New York’s laws about advance care planning and end-of-life decisions are based on the nationally recommended ethical framework for these decisions, as surveyed and reported by New York’s Task Force on Life and the Law. New York’s Task Force on Life and the Law has provided guidance on many legal and ethical issues in healthcare since 1985. Over the decades the membership on the Task Force has changed, but its purpose – to give advice to New York’s government on cutting edge legal and ethical issues in healthcare – has remained the same. The Task Force members are primarily not government employees; they’re experts in the fields of law, medicine, and bioethics. Their recommendations have been put into many laws affecting healthcare in New York, including end-of-life care.
Current laws pertinent to advance care planning and end-of-life care include (in order of passage):
1987 DNR Law – New York State created Public Health Law 29-CCC, the first non-hospital DNR law in the country. This law was the result of a Task Force report titled Do Not Resuscitate Orders.
1990 Health Care Proxy Law – New York State created Public Health Law Article 29-C so that all New Yorkers may appoint a health care agent if they have the capacity to do so. This law was the result of a Task Force report titled Life-Sustaining Treatment: Making Decisions and Appointing a Health Care Agent.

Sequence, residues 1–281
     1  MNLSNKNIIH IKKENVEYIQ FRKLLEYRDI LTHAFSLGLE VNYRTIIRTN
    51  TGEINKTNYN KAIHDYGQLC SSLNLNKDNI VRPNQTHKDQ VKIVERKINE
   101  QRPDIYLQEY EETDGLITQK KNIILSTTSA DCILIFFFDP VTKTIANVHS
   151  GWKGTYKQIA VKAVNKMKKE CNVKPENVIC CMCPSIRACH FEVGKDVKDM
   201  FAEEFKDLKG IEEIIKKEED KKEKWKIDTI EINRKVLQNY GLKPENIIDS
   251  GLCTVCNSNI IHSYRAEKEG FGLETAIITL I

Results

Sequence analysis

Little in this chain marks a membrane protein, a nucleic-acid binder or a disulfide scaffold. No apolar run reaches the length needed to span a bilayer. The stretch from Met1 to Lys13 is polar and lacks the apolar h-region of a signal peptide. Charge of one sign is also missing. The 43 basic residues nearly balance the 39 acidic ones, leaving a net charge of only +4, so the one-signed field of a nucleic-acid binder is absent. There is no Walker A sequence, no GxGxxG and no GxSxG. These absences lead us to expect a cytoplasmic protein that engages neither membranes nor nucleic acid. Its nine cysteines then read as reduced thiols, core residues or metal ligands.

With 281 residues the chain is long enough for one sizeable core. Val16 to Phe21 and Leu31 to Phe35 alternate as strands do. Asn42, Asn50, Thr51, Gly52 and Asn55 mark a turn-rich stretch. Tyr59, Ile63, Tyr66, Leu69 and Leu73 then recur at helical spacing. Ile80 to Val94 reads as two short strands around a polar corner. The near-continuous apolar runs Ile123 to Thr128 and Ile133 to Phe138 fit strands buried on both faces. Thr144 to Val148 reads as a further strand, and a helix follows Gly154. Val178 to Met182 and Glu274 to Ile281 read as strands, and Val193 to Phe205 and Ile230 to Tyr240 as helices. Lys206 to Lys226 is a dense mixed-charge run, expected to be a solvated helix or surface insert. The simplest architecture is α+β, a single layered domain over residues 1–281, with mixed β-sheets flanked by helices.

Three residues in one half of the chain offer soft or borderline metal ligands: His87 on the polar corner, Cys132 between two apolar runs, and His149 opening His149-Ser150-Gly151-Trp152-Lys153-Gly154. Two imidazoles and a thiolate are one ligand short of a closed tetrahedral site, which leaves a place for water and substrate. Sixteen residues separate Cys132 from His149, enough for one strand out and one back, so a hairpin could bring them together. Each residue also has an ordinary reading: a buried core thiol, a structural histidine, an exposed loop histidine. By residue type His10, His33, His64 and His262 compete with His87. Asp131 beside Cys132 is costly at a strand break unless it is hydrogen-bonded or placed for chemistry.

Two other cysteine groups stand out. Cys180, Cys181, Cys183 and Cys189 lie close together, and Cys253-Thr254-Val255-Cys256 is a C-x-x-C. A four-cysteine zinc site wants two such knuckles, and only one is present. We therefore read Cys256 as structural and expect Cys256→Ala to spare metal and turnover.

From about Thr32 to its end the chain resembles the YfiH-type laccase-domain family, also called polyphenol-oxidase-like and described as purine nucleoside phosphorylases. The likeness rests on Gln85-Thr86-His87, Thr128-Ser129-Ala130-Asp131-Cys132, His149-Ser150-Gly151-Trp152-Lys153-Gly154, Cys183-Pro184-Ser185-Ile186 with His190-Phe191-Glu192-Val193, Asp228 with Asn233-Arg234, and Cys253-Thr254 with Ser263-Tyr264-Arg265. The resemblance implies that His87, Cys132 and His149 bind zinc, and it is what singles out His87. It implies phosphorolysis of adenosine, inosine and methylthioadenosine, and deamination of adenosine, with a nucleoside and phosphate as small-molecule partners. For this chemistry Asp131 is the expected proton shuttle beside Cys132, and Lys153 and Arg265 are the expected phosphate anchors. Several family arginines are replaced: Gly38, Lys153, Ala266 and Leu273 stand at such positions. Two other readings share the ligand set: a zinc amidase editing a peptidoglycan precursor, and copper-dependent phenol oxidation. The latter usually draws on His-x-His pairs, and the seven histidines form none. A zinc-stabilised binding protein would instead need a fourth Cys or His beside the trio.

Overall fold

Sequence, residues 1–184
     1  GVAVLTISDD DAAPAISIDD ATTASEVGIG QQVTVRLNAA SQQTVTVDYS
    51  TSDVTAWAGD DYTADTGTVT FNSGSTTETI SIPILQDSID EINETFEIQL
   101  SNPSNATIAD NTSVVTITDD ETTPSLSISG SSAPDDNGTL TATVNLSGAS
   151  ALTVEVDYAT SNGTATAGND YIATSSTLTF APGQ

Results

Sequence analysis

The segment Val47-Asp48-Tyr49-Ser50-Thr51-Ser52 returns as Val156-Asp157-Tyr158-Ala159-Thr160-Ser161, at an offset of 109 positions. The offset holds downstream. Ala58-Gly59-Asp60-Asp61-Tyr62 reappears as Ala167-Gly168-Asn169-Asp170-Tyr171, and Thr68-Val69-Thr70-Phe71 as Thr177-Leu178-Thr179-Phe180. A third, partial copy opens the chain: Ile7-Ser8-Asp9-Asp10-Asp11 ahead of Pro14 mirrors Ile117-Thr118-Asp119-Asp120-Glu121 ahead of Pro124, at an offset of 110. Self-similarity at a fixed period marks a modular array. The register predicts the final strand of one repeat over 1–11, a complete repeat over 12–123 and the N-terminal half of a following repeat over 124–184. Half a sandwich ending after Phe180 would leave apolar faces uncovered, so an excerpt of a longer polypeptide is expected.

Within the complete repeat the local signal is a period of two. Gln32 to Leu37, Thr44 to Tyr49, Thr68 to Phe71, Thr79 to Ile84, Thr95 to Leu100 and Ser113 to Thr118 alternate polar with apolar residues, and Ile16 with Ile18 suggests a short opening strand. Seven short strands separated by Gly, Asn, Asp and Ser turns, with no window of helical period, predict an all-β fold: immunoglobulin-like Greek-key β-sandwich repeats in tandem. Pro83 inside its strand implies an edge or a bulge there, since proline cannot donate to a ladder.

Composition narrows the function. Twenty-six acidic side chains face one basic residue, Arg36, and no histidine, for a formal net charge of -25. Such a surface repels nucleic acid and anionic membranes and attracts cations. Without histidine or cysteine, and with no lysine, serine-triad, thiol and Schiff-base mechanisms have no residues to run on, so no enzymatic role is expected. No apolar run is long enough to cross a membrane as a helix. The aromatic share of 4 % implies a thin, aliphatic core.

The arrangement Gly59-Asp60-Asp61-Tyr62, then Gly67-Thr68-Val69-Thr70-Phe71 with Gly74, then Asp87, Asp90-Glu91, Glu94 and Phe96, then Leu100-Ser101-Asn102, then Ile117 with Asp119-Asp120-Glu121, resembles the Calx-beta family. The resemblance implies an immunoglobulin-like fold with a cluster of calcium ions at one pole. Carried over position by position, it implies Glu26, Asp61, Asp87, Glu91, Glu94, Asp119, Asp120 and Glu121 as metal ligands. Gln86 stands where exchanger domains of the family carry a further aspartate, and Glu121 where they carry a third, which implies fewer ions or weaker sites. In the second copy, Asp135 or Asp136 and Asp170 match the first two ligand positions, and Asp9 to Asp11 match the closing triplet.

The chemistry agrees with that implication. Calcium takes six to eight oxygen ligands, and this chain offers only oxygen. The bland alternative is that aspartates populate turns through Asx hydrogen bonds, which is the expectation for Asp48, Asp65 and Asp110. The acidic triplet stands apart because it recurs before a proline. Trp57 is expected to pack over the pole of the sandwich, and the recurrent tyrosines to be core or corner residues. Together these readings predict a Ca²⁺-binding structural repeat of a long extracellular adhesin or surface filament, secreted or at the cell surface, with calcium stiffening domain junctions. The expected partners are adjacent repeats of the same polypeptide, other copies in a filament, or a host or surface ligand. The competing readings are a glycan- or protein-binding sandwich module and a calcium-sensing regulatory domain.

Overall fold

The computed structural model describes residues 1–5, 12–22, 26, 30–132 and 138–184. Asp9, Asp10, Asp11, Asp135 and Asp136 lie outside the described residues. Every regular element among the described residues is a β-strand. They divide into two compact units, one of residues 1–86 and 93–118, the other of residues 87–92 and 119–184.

2006 Surrogate’s Court Procedure Act Article 17-A, sub-section 1750-b – The SCPA was updated to allow end-of-life decisions to be made for individuals with significant intellectual or developmental disabilities. The law defines the list of surrogates for individuals with intellectual or developmental disabilities who do not have capacity to make their own medical decisions and who also cannot complete a health care proxy.
2008 – New York State Public Health Law was amended to allow the Commissioner of NYSDOH to approve an alternate form (MOLST) to be used statewide and in all settings, including non-hospital (community) settings. MOLST is the alternate form approved by the Commissioner of NYSDOH. EMS can now honor DNR and DNI orders on MOLST forms statewide. The MOLST form is the only tool for non-hospital DNI orders in New York State.
2010 Family Health Care Decisions Act – New York State created Public Health Law Article 29-CC. FHCDA created surrogacy laws in NYS. FHCDA is based on the 1992 Task Force Report, When Others Must Choose. FHCDA initially applied to hospitals and nursing homes only. Checklists 3, 4, 5 the Checklist for Minor Patients and the OPWDD Checklist grew out of FHCDA. In 2011 FHCDA was updated to include hospice. In 2017 FHCDA was updated again to allow “attending nurse practitioners” to act the same as “attending physicians” with regards to the areas of withholding/withdrawing life-sustaining treatment that are governed by FHCDA; these changes will be effective May 28, 2018.
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The MOLST Update is a Newsletter dedicated to providing up-to-date information on advance care planning, MOLST and eMOLST.